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TRAITS AND SUGAR PROCESSING PARAMETERS OF SUGAR BEET ROOTS POSTHARVEST Ferweez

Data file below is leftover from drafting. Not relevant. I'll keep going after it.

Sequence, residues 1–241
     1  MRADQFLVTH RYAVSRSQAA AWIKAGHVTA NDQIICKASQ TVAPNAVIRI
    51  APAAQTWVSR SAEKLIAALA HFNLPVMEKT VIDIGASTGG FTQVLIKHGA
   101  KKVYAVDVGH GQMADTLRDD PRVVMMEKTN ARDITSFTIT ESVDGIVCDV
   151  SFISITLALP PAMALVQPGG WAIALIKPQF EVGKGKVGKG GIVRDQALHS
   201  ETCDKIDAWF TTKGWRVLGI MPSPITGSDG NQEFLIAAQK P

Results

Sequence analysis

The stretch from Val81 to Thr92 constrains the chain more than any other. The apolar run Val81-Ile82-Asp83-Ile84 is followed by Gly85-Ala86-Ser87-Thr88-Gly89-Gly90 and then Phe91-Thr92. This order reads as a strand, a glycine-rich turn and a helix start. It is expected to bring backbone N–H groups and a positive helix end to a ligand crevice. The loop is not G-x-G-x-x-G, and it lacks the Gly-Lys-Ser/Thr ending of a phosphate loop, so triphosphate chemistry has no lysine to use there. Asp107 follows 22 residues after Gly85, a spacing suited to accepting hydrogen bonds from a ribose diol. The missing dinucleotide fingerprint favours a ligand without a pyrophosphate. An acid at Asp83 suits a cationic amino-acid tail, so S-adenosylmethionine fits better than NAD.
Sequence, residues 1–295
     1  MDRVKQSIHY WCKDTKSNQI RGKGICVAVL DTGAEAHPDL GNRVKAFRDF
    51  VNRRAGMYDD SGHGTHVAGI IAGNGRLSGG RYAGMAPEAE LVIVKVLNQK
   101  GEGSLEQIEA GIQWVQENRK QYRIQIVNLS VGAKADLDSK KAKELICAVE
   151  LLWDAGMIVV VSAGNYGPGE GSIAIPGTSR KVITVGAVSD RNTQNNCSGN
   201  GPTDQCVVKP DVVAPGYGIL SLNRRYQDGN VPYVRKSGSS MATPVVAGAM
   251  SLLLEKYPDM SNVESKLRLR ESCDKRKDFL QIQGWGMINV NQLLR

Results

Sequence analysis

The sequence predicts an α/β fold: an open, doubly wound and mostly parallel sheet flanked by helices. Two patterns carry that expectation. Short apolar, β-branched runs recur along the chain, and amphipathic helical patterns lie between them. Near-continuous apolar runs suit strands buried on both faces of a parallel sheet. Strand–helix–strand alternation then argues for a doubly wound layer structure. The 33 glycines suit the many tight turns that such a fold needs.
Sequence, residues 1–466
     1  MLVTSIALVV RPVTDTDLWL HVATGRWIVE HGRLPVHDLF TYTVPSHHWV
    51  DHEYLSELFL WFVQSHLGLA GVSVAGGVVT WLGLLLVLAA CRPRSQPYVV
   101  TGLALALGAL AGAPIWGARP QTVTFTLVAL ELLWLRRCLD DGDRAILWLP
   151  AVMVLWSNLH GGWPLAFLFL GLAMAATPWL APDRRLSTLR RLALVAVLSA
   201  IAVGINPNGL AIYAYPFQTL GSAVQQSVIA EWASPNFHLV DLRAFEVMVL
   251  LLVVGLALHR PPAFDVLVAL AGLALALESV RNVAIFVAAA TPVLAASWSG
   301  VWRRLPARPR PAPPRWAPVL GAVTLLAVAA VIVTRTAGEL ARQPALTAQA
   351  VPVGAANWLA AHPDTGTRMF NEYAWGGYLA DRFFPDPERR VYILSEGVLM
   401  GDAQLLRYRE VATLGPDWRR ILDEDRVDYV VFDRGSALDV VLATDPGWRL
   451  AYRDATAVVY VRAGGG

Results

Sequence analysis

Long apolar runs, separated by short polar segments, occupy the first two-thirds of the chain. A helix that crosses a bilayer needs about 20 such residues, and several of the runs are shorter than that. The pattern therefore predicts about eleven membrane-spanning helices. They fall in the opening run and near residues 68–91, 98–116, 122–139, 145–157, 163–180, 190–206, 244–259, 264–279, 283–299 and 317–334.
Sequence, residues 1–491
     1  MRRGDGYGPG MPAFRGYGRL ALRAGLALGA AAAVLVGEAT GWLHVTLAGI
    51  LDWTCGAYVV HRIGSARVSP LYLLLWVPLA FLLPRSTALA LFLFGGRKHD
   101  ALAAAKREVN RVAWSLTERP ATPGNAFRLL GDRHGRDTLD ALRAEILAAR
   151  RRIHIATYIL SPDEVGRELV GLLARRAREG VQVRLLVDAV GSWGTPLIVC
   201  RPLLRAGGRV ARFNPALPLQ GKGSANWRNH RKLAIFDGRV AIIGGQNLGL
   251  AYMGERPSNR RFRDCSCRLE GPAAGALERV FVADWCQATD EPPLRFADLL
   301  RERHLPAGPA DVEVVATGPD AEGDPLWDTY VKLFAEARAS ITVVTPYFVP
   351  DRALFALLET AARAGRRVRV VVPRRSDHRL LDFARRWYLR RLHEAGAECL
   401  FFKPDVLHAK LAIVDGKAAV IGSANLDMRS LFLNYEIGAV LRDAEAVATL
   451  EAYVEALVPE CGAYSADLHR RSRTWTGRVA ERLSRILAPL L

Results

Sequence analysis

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TRAITS AND SUGAR PROCESSING PARAMETERS OF SUGAR BEET ROOTS POSTHARVEST Ferweez, H. S. I. El-Syiad and E.G. I. Mohamed Food Sci. and Techno. Dept, Fac. of Agric., New Valley Branch, Assiut University, Egypt. Food Sci. and Techno. Dept, Fac. of Agric., Assiut University, Egypt. Delta Sugar Factories, Kafr El-Sheikh Governorate, Egypt. ABSTRACT Under Egypt conditions sugar beet roots is processed in the factories during the period from the first week of February to Mid of June every year. Whenever, wilting of beet roots carried out at high temperature and low humidity for any cause, which are prevailing during the period from the end of April to Mid of June. So, this work was carried out at laboratories of Delta Sugar Company, Kafr El-Sheikh Governorate, Egypt, as well as Food Science and Technology Department, Faculty of Agriculture, New Valley Branch, Assuit University during 2016 and 2017 working seasons for eight days and replicated four times during the period from 25th April to 6th June.to identify the influencing of wilting degree (the loss in moisture content of beet roots) postharvest on physiochemical traits, impurities contents and processing efficiency parameters of sugar beet roots. Sugar beet plays a prominent role in sugar production in Egypt. There is an intention in the policy of the Egyptian government to expand the cultivation of sugar beet, consequently, the number of beet factories is increasing. The importance of sugar beet to agriculture is not only confined to sugar production but also for its secondary products (Badawy,1992).Beet cultivars were imported mostly from Europe. Sugar beet is facing some problems with respect to climate and variety of sugar beet related to postharvest like weight losses, rotting and staleness leading to declined sugar recovery. It is desirable that beet roots should have a high pol, on its own, but pol of beet roots is an incomplete quality criterion. In addition, beet sugar production reached 57 of the local sugar production (2.3 million tons ) in 2016 (CCSC, 2017 ) . A harvested beet roots continues to live by respiration and consumption of its sugar which is considered sugar loss (Asadi, 2007). Its respiration is important to maintain life. It is subject also to microbiological attack. Sugar loss begins on the first day postharvest and rapidly increases. Wilt of root meaning, relating to moisture loss under various conditions of temperature and relative humidity and the respiration and sugar losses associated with such dehydration. Beet roots become weak, shrinkage and begin to bend towards the ground and also affects their appearance, texture and quality. Therefore the water loss as a result of roots wilting will result in weight losses. The weight loss of roots vary in different conditions of temperature, relative humidity as well as size and shape of beet roots or exhibition surface. Abbas and Fugate (2009) pointed out that Sugar beet (Beta vulgaris L.) roots lose water during storage and often become severely dehydrated after prolonged storage and at the outer regions of storage piles which have greater wind and sun exposure. Sucrose loss is known to be elevated in dehydrated roots, although the metabolic processes responsible for this loss are unknown. Wilting degree (the loss moisture content of beet root postharvest) which take place as a result of the delaying in transporting and processing of beets and such as when a problem at any stage of processing is occurred resulted a rapid qualitative deterioration and high quantitative losses (Davis ,1982). Postharvest, sugar beet roots outdoors at temperature above 7 C , rotting can become an appreciable factor, and the final result can be complete loss as reported by Ishikuri, et al.,(1992). Prolonged period of sugar beets postharvest and before processing requires to be healthy and clean to minimize sugar losses due to extraneous conditions related to internal damage, still, a considerable part of such losses could be due to intercellular conversion of sucrose to glucose and fructose. The enzyme responsible for sucrose splitting is invertase, Sakalo and Tyltu (1997). There is little information on the impact of wilting degree on physiochemical traits and impurities contents of beet roots. Dehydration or wilting of beet roots begins immediately postharvest and generally increases with the delaying duration than manufacturing of sugar beet in sugar factories. The increase in wilting degree of beet roots means the reduction in water content of beet roots make them lose their refreshment and affect negatively sugar extraction at manufacturing in sugar factories. So, the objective of the present investigation was carried out to identify the influencing of wilting degree (the loss moisture content of beet root) postharvest on physiochemical traits, impurities contents and processing efficiency parameters of sugar beet roots. Materials and Methods The trail was carried out at laboratories of Delta Sugar Company, Kafr El-Sheikh Governorate, Egypt, as well as Food Science and Technology Department, Faculty of Agriculture, New Valley Branch, Assuit University at 2016 and 2017 working seasons for eight days and replicated four times during the period from 25th April to 6th June. The samples of sugar beet roots (Beta vulgaris L.) of different working cultivars (Top, Pleno, Farida, Raspoly, Tribel, Maribo, marcopoly and kawimera) were taken from the research fields of Delta Sugar Company to identify the influencing of wilting degree (the loss moisture content of beet root for any cause ) postharvest on physiochemical properties, impurities contents and processing efficiency parameters of sugar beet roots. The experimental design was a randomized complete block with four replicates and six treatments. The research site was selected because it was usually represented the largest Factory of beet sugar production in Egypt. Samples of beet roots (about 30 kg beet roots) were taken at random from the studied different wilting degrees as follow 0 or No wilt (at harvest or control). 4.88 or Slight wilting (at 2 days postharvest) . 8.61 or Moderate wilting (at 4 days postharvest). 14.14 or High wilting (at 6 days postharvest). 18.41 or very high wilting (at 8 days postharvest). On the harvest day (after 195 days from sowing date), a sample of approximately half ton was obtained from the healthy vegetative homogenous beet roots of sugar beet in four replicated times. The sample of each treatment was topped, cleaned and thoroughly mixed into a pile. Beet roots piles were left under open field conditions in order to study the changes in quality and weight. Aerobic atmosphere conditions were temperature from 27.5 33.5 oC and relative humidity from 77 85 . Wilting degree of beet root was calculated as follow Wilting degree of beet root The moisture of beet root at harvest – The moisture of beet root at the studied period X 100/The moisture of beet root at harvest Determination of physiochemical traits and processing efficiency parameters at the studied wilting ratios Samples of beet roots (about 0.5 ton of beet roots) of the above-mentioned different working cultivars were taken at random and divided separately into five categories, each containing about 100 kg of roots. Four categories of roots were used for determination of the changes in the weight and the other category was used for determination of the changes in the chemical composition of beet roots. Samples of roots at the different wilting ratios, i.e. 0, 4.88, 8.61, 14.14 and 18.41 were send to the laboratory for analysis. Samples of beet roots were cleaned with running tap water, dried. Each sample was grated separately with grater into cossettes and mixed thoroughly to determine the physiochemical traits of beet roots as follow I-Physical traits of beet roots Total soluble solids (T.S.S) Total soluble solids of fresh samples were determined using fully automatic digital refractometer model ATR-S (04320), 0 – 95Brix, temperature compensation 15 to 40 C according to procedure of Delta sugar Company. pH measuring pH value of beet samples measuring by using digital bench pH-meter, model pH-526/sentix20/AS- DIN / SIN / STH / 650 according to procedure of Delta sugar Company. Bulk density of beet samples was determined by kg/m3 according to procedure of Delta sugar Company as described in A.O.A.C. (2005). Color of raw juice of beet samples was measuring by spectrophotometer at 420 nm as Icumsa units according to procedure of Delta sugar Company as described in A.O.A.C. (2005). II-Chemical composition of beet roots Moisture contentThe moisture content was determined by drying samples to constant weight at in aluminum weighing dishes at 105 C for 24 h. , using the air oven-drying method according to A.O.A.C. (2005). Sucrose content Sucrose content was determined using automatic saccharimeter on a lead acetate basis according to procedure of Delta Sugar Company, Le Docte (1977). Reducing sugar Reducing sugar content of beet roots samples were determined using Ofners volumetric methods as described in A.O.A.C. (2005) Dextran content (ppm) Dextran in fresh and stored samples was determined according to procedure of Roberts (1983). III-Impurities contents of beet roots Alpha amino nitrogen, Sodium and potassium contents/ 100 g beet Alpha amino nitrogen, sodium and potassium were determined using venma, Automation BV Analyzer IIG-16-12-99, 9716JP/ Groningen / Holland. Temp. 18 – 30 C, surrounding humidity max. 70 according to Brown and Lillan (1964), the results calculated as milli equivalents / 100 g beet. IV-The processing efficiency parameters of sugar beet Purity (sucrose.100)/ (T.S.S ) Quality index (SR.100)/pol. EMBED Equation.3 The procedures according to Delta Sugar Company described by Silin and Silina (1977) and Sapronova et al. (1979). Mass or weight losses in beet roots The mass loss was determined of the specific samples for each group by using electrical balance LHW 120 0.02 kg, model HW according to procedure of Delta sugar Company The presented results in the work are average of 2016 and 2017 seasons. Statistical analysis Collected data were subjected to the proper analysis of variance (ANOVA). The proper statistical of all data was carried out according to lined by Gomez Gomez (1984). Homogeneity of variance and differences among treatments were evaluated by the least significant difference test (LSD) at 5. The results were as averages of four times during the period from 25th April to 6th June. RESULTS AND DISCUSSION I- Normal physiochemical parameters of beet roots during working season Sugar beet roots composition (the raw material of the beet sugar factory) is important to both the sugar beet farmer and the factory. Determination of sugar (sucrose) and non-sugar (non-sucrose) contents in beet roots define quality of beet roots, where, high sugar and low non-sugar contents are desirable. So it is important to evaluate the physiochemical properties of beet roots in order to evaluate the quality of different fresh sugar beet roots for sugar production. The results recorded in Table 1. summarized normal physiochemical parameters averages of sugar beet roots during working season of beet roots processing without wilting degree of beet roots postharvest. The present results are in agreement with the findings of by Gomaa (2009) . Table (1) Physiochemical properties average of different fresh sugar beet roots during processing working season in(average of 2016 and 2017seasons) for the studied different cultivars. II-Effect of wilting degree on physical properties of beet roots Data in Table (1) clarified that wilting degree of beet root caused by leave of sugar beet roots for 0-8 days in open air during the beet campaign (beet-processing period) had a significant effect on physical properties of sugar beet juice expressed as total soluble solids (TSS), pH value, Bulk density (kg/m3) and Color of raw juice (Icumsa units). The increase in wilting degree of beet roots from 0.00 or no wilt to slight wilting, moderate wilting, high wilting and very high wilting led to increasing in the TSS of beet root by 10.08 , 18.22 , 32.09 and 36.99 , Bulk density (kg/m3 )of beet roots increased by 1.49 , 2.24 , 4.26 and 10.38 and color of extracted raw juice (Icumsa units) increased by 17.29 , 25.99 , 29.64 and 32.07 of the control value, respectively. This result is might be attributed to the gradually decrease in moisture content of beet roots with increasing wilting degree of beet roots as the processing days delayed from zero time (at harvest) up to 8 days. The obtained results are in general acceptance with those recorded by Al.Jbawi Al.Zubi (2016) and El.Hefnawy (2016). They reported that sugar beet roots are considerable perishable materials to wilting because of its high moisture content (75.00) Table(2) Effect of wilting degree on physical properties averages of fresh beet roots stored for 0-8 days in open air. Wilting degreeTSSpH valueBulk density (kg/m3)Color of raw juice (Icumsa units) No wilt (at harvest )21.636.60671.3020525.33 Slight wilting 23.816.73681.3324074.67 Moderate wilting 25.576.49687.3325860.00 High wilting 28.576.38692.00266080.00 Very high wilting 29.636.31697.0027106.67Overall mean25.836.50697.0024834.93F valueLSD 0.050.930.075.541660.30 TSS Total soluble solids III-Effect of wilting degree on chemical composition of beet roots From the data tabulated in Table (3) pointed out that wilting degree of beet root had a significant effect on components averages of chemical composition of sugar beet roots ,i.e. pol , reducing sugars and dextran content . There were a gradual decrease in pol (on DWB) by 12.86 , 19.90 , 26.50 and 35 of the control value with increasing wilting degree of beet roots from 0.00 or no wilt to slight wilting, moderate wilting, high wilting and very high wilting, respectively . However, this an increase in wilting degree of beet roots led to increasing in the dextran content of beet root by 22.27 , 36.14 , 52.94 and 93.28 of the control value, respectively. Wilting degree of beet roots postharvest is associated with a loss of sucrose or pol and overall root quality. This decrease in pol(on DWB) of beet roots with increasing wilting degree of beet roots is might be attributed to respiration process, where, represent 70-80 of the sucrose or pol losses that take place postharvest. While, the increase in dextran content of beet roots postharvest is might be attributed to the microbiology activity. The increase in wilting degree of beet roots means the reduction in water content of beet roots make them lose their refreshment and affect negatively sugar extraction during manufacturing in sugar factories. These results are in correspondence with the findings of Abou EL-Magd and Nariman (2004) Asadi (2007) Gomaa (2009) Al.Jbawi Al.Zubi (2016) and El.Hefnawy (2016). They revealed that sugar loss of sugar beet postharvest represents a substantial decrease in revenue for sugar industry and can have a significant economic impact. In the light of the results obtained from this study that there was the adversely relationship between wilting degree of beet roots and processing efficiency parameters of sugar beet roots. Table(3) Effect of wilting degree on chemical composition averages of fresh beet roots stored for 0-8 days in open air. Wilting degreeMoisture Pol Reducing sugars Dextran (ppm)No wilt (at harvest)77.8282.350.1379.33Slight wilting74.0272.970.2497.00Moderate wilting 71.1268.680.08108.00High wilting 66.8265.100.06121.33Very high wilting63.4961.000.05153.33Overall mean70.6570.020.11111.80F valueLSD 0.050.715.5416.48 Pol calculated as dry weight basis (DWB) IV-Effect of wilting degree on impurities contents of beet roots Determined as milliequavalent / 100 g beet V-Effect of wilting degree on processing efficiency parameters averages of beet roots Weight loss of beet roots, expressed as a percentage of the roots weight at the beginning of the experiment. It could be scored from results in Table (5) that wilting degree exhibited a significant effect on processing efficiency parameters of sugar beet roots, i.e. juice purity, sucrose recovery , sugar losses in waste, quality index of beet roots and weight losses of beet roots. There were a gradual decrease in juice purity of beet roots by 7.99, 11.99, 13.59 and 14.21 sucrose recovery of beet roots decreased by 4.91, 11.35, 20.54 and 36.29 and quality index of beet roots decreased by 4.15, 5.29 , 11.17 and 17.96 of the control value , while, sugar losses in beet roots increased by 12.56, 16.87, 20.05 and 25.28 of the control value with increasing wilting degree of beet roots from no wilt to slight wilting, moderate wilting, high wilting and very high wilting, respectively. This decrease in juice purity, sucrose recovery and quality index of beet roots is might be attributed to the gradually decrease in pol or sucrose content of beet roots on dry weight basis depend entirely on respiration to supply the energy with increasing wilting degree. While, the gradually increase in sugar losses of waste and weight losses of beet roots is might be attributed to the gradually decrease in pol or sucrose content of beet roots with increasing wilting degree of beet roots . Weight loss of beet roots was mainly due to a decrease in root water content. These data are in agree with those obtained by Ferweez et al.,(2006) Abbas and Fugate (2009) Dewdar et al., (2015) Al.Jbawi Al.Zubi (2016) and El.Hefnawy (2016). They exhibited that this decrease might be due to some natural vital functions such as respiration and sprout formation. Here too, they reported that respiration rate declined in response to low levels of water loss and respiration is the primary cause of postharvest sucrose loss in sugar beet roots. Table(5) Effect of wilting degree on processing efficiency parameters averages of fresh beet roots stored for 0-8 days in open air. Wilting degreeJuice purity Sucrose recoverySugar losses in waste Beet quality index Weight losses in beet roots No wilt (at harvest)85.8267.893.2082.380.00Slight wilting79.4764.713.6579.1012.56Moderate wilting 76.6360.974.0378.2416.87High wilting 75.5556.324.3774.1020.05Very high wilting75.1449.815.0269.8425.28Overall mean78.5259.944.0676.7314.95F valueLSD 0.053.944.480.132.281.60 Sucrose recovery of pol of sugar beet roots on dry weight basis (DWB). We hope that the above-mentioned results in this work would help sugar beet growers and the processors to understand the changes which take place in the physiochemical properties and processing efficiency parameters of sugar beet roots postharvest caused by the wilting. It is has the potential to cause significant economic losses in sugar production and known the practices that reduce sugar loss during processing. Wilting is common in postharvest sugar beet roots and is known to increase sugar loss postharvest. Unknown, however, is the proportion of wilting-associated sugar loss that is attributable to elevations in respiration rate, since sugar is lost not only to respiration, but also to conversion to other carbohydrates, and to storage rots and diseases. The increase in wilting degree of beet roots means make them lose their refreshment and affect negatively sugar extraction during manufacturing in sugar factories. Here, we demonstrate that wilting is might be associated with an increase in root respiration. All sugar beet growers and the processors benefit directly when postharvest losses are minimized. It is not advisable to wilting of beet roots postharvest before the processing in order to prevent the dislike changes and damage in pol content and weight of sugar beet roots. Acknowledgment Thanks to the Sugar beet Research Board of Delta Sugar Company, Kafr El-Sheikh Governorate, Egypt for assisting in this work and conducting quality analysis. REFERENCES A.O.A.C. (2005). Official Methods of Analysis. Association of Official Analytical Chemists. Washington 18 D.C., USA. Abbas M. L. and K. K. Fugate (2009). Dehydration accelerates respiration in postharvest sugarbeet roots . Postharvest Biology and Technology 54 (2009) 3237 Abou El- Magd, B.M. and Nariman O.A. (2004). Effect of some chemical treatments on the chemical quality and storability of sugar beet roots after harvest. Egypt. J. Appl. Sci., 19(11) 263-277. Al.Jbawi, E.M. and H.I.Al.Zubi(2016) Effect of sowing dates and length of storage on storability in sugar beets (Beta vulgaris L.) pile .Scholarly journal of Agricultural Sci., 6(1)25-31. Asadi M. (2007). Beet-Sugar Handbook. John Wiley and Sons, Inc., Hoboken, New Jersey, pp.99 289. Badawy, E.M. (1992). Biochemical studies on sugar metabolism in sugar beet plants. Ph.D. Thesis, Fac. of Agric., Menoufiya Univ. Brown, J.D and Lilland, O. (1964). Rapid determination of potassium and sodium by flam photometry. Proc. Amer. Soc. Hort. Sci., 48, 341-316. CCSC . (2017). Central Council for Sugar Crops , Ministry of Agriculture , Egypt, Annual Report Book. Davis, D.C. (1982). Moisture control and storage systems of vegetable crops. In drying and storage of agriculture crops. The ANI publishing comp. INC. Westport, USA. Dewdar, M. D. H. Abbas, M. S. Gaber, E. I. and Abd El-Aleem, H. A. (2015). Influence of Time Addition and Rates of Boron Foliar Application on Growth, Quality and Yield Traits of Sugar Beet. Int.J.Curr.Microbiol.App.Sci. 4(2) 231-238. Draycott , A.P.(2006) Sugar beet . Blackwell Pub.UK. El.Hefnawy, Kh.M.Kh.(2016) Chemical and technological studies on sugar beet . M.Sc. Thesis, Fac. of Agric. Damietta Univ. Ferweez, H. Abbas, H.M. and Abou El-Magd, B.M. (2006). Determination of the losses in yield, quality and profitability of sugar beet roots resulted from exceeding nitrogen fertilization and processing delay. Minia J. of Agric. Res. And Develop., 26(1) 27-44. Gomaa, S. (2009).Effect of calcium hydroxide and acetic acid on the rat of deterioration and dextran formation during sugar beet storage. M.Sc. Thesis, Sugar Techn. Research Inst., Assiut Univ. Gomez, K.A. and A.A. Gomez (1984).Statistical procedures for agricultural Research , Second Edition .John Willey and Sons, New York , pp.680. Ishikuri, S.Uchino,H.and Kanzawa,K. (1992). Isolation of pseudomonas cepacia D-202 an available biocontrol agent to storage rot of sugar beet. Annuals of the phytopathological society of Japan, 58(3) 456-460. Le Docte, A. (1977). Commercial determination of sugar in sugar beet using the socks sugar J., 29, 488-492. Sakalo,V.D.and Tyltue,A.S. (1997). Enzymes of carbohydrate metabolism in sugar beet roots in the course of short term storage under unfavorable conditions. Russian Journal of plant physiology, 44(1) 70-76. Sapronova, A. Joshman, A. and loseava, V. (1979). General technology of sugar and sugar substances. Pischevaya promyshennost pub. Moscow. Silin, P.M. and Silina, N.P. (1977). Chemical control in sugar technology. Food Technol., pub. USSR, pp 120-126. Y, 4IsNXp